These might include social work, marriage and family therapy, psychology, psychiatry, alcohol and drug treatment counseling, and other mental health and health professions.
Complexity arises when the supervisor is from a different discipline and views the clinical work through a different lens.
Four core competencies are essential: Competency 1 Work with individuals of other professions to maintain a climate of mutual respect and shared values. Teams and Teamwork Interprofessional Education Collaborativep.
Other Models and Theories of Supervision Before you begin this section, think about what models and theories of supervision influence your practice. Then as you progress through this section, think about which of these relate most readily to your own practice. Theory-based Models Among the approaches to supervision are psychotherapy-based approaches; including psychodynamic, cognitive-behavioral, intersubjective or narrative, and dialectical behavioral therapies; and systemic and family systems.
In these models, supervision typically mirrors the therapy process reflected in the theoretical orientation.
A concern with such supervision is that it may not systematically address all the areas critical for supervision e. There are multiple models that reflect the psychodynamic orientation, and Eckstein and Wallerstein were very influential in describing the relationships among the three parties in supervision — client, therapist, and supervisor — and how the relationships reflect upon each other.
Interest in transference, countertransference, and working alliance and parallel processes have all been exceptionally important to the understanding of supervision and are discussed throughout this course.
A compendium of psychotherapy-based approaches cognitive therapy [Beck], family therapy [Barenstein], and psychodynamically-oriented therapy [Sarnat] are presented in Chapter 4 of Falender and Shafranske Sarnat describes the relational psychoanalytic model in which client, therapist, and supervisor are considered as cocreators of the clinical and supervisory relationship that are intertwined.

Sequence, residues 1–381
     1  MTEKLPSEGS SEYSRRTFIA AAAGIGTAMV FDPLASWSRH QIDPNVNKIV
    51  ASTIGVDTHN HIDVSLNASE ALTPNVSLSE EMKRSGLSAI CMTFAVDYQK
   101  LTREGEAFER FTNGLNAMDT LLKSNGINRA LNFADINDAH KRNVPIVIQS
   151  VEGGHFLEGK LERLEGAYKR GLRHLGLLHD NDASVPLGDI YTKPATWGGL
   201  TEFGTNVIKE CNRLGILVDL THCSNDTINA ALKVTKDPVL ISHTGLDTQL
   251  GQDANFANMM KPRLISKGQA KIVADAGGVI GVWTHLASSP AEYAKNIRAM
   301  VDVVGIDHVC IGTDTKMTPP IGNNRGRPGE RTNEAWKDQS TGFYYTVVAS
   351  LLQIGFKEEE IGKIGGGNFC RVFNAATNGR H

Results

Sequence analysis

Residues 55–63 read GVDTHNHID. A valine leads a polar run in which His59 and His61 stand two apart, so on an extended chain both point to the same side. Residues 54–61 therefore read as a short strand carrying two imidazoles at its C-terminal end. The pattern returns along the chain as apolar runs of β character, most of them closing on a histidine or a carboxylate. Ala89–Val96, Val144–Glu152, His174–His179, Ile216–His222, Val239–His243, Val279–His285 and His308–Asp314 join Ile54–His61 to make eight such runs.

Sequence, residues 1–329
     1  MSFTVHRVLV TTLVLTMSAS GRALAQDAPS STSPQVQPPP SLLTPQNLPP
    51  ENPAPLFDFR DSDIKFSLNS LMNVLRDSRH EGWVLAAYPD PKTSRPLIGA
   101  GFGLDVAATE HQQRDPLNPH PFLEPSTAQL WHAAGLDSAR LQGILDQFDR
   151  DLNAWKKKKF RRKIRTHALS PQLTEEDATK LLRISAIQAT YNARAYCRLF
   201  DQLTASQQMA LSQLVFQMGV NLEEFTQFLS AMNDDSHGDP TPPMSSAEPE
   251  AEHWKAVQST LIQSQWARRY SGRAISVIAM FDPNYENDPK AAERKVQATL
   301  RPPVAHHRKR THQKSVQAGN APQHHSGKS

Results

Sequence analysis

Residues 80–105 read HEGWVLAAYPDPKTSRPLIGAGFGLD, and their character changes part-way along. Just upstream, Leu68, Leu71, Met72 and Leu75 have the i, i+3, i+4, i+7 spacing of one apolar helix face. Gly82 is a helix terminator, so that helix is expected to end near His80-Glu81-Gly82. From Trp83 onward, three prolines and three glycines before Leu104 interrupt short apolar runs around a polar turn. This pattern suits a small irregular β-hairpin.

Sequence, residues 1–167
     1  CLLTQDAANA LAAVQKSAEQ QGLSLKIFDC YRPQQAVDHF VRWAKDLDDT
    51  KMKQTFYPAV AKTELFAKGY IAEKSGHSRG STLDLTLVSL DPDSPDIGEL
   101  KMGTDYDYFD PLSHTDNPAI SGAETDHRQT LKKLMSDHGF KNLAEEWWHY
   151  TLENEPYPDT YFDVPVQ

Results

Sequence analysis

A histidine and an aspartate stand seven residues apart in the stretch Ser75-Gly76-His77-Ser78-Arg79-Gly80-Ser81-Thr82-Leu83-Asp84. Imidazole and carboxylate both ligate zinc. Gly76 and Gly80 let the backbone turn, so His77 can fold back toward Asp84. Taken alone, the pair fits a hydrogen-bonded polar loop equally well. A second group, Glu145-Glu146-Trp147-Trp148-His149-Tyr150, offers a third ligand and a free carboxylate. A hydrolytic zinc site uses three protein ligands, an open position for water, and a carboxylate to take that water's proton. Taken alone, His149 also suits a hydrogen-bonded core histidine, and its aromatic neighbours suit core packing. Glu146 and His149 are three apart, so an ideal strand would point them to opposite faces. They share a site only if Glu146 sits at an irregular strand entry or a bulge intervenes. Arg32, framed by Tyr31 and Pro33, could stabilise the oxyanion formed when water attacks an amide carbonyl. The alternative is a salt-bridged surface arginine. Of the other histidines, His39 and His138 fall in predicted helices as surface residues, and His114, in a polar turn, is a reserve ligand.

Symbolic communication between supervisor and supervisee — a widely neglected aspect — addresses unsymbolized affective states that arise.
The supervisor is encouraged to set limits on exploration. The supervisor has the shared responsibility of exploration of personal dynamics as they impact the supervision and therapy.2 UNCG Undergraduate Bulletin 4 Notices Equality of Educational Opportunity The University of North Carolina at Greensboro is com-mitted to equality of educational opportunity and does not.
The Online Writing Lab (OWL) at Purdue University houses writing resources and instructional material, and we provide these as a free service of the Writing Lab at Purdue. The Belmont Report was written by the National Commission for the Protection of Human Subjects of Biomedical and Behavioral Research.
The Commission, created as a result of the National Research Act of , was charged with identifying the basic ethical principles that should underlie the conduct of biomedical and behavioral research involving human subjects and developing guidelines to.
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Helping Students After Crisis: Get resources for helping students in the aftermath of hurricanes and floods. Get resources for helping students in the aftermath of a shooting. The Online Writing Lab (OWL) at Purdue University houses writing resources and instructional material, and we provide these as a free service of the Writing Lab at Purdue.